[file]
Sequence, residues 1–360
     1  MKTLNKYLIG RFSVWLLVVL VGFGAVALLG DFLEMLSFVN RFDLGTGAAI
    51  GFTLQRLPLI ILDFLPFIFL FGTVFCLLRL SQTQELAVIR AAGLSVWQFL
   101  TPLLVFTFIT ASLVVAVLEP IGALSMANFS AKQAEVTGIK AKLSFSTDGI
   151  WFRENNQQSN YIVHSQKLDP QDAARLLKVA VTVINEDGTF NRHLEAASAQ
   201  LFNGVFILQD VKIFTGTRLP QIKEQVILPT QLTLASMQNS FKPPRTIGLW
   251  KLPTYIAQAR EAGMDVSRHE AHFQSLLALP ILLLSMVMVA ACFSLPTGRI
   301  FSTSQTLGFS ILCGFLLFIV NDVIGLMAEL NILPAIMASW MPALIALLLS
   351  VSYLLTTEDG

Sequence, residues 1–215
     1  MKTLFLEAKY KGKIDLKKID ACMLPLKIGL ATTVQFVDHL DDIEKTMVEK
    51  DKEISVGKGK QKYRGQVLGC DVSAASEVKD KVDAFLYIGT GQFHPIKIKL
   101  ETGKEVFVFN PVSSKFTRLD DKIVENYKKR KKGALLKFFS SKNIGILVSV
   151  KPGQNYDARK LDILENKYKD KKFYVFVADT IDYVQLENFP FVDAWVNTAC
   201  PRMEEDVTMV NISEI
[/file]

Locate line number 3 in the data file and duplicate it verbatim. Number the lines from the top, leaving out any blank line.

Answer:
    51  GFTLQRLPLI ILDFLPFIFL FGTVFCLLRL SQTQELAVIR AAGLSVWQFL